So, if you read my last post, then you have been introduced to the concept of caval syndrome - a massive overload of heartworms found in the right heart leading to right heart failure. As I outlined, there is only one way to treat it - extract the heartworms manually from the heart. This is done by isolating the jugular vein, cutting into it, and placing a long, long pair of forceps into the heart. The worms are grasped and removed via the hole. It is a bloody, messy procedure, and it has a 50/50 shot at working. Further, I have never done the procedure.
Here is my question for you, readers. If a patient comes through the door suffering caval syndrome, the owners are appraised of the risks, outcome, my inexperience with the procedure, and the prognosis, and they want me to TRY to remove the worms, should I attempt to do it?
My colleagues and I recently got into a heated debate about this. I have seen 3 caval syndromes in 18 months. Two of them have died within 30 minutes, the last was euthanized. None of them would have survived to go to a referral facility where the worms could be removed by specialists. It was me or nobody. If the owners had wanted me to try, I would have done it - as I see no other option for the pet, save rapid death or euthanasia. My colleagues say that I shouldn't be doing something like that without experience. I argue that I am the pet's only chance for survival, and it is my job to intervene if I can.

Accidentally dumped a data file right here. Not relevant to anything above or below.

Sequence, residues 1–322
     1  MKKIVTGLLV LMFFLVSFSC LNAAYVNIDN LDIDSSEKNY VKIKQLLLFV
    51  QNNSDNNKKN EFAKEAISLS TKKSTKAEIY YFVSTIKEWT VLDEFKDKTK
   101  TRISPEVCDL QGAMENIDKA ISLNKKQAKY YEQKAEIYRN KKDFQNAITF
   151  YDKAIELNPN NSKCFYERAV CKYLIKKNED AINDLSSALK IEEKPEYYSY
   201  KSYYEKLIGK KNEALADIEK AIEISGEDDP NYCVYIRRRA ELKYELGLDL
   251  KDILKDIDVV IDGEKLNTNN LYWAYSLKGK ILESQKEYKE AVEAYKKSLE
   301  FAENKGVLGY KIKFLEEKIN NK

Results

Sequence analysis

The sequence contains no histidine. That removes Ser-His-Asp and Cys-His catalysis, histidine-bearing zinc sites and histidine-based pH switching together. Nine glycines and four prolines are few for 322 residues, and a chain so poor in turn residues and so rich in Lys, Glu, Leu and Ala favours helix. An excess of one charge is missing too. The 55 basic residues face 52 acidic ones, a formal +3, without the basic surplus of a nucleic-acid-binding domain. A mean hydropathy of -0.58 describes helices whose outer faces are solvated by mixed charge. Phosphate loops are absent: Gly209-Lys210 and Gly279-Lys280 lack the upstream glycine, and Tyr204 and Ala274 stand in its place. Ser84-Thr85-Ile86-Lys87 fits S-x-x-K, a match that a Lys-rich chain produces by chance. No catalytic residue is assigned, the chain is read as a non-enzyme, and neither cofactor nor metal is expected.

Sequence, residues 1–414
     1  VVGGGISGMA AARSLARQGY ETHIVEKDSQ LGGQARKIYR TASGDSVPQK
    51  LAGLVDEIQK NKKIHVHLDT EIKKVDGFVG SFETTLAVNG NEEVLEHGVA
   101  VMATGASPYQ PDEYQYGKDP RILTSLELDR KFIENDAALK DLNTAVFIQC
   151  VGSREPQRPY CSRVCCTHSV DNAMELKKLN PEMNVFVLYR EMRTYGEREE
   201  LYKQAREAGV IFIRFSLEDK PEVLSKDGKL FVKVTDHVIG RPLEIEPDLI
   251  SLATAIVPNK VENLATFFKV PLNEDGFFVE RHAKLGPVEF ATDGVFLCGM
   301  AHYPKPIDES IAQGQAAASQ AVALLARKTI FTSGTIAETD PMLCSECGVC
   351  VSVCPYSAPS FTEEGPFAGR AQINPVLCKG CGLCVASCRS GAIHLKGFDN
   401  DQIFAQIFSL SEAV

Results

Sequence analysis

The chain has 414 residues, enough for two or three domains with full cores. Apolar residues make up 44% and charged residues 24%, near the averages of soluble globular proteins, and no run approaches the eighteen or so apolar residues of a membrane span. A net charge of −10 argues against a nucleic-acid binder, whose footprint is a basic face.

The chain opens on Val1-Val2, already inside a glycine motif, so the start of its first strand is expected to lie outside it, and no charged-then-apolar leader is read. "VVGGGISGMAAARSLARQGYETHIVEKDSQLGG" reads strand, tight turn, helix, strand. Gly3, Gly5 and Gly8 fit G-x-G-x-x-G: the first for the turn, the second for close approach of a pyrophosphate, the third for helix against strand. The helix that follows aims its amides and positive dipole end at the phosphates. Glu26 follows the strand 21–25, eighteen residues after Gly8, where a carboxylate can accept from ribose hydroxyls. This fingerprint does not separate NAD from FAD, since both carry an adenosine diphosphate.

If we, as veterinarians, didn't do things outside our comfort level, no GDV would ever be fixed, no pericardium would ever be tapped, no foreign body would ever be removed. I still remember vividly every time I did all 3 of those things for the first time. It was nerve-wracking, but it was necessary. If I could refer these cases to a specialist, I would do so. However, as I said, all 3 lived less than 30 minutes from the moment they arrived on our doorstep.
So, what do you guys think? Intervene or push euthanasia?
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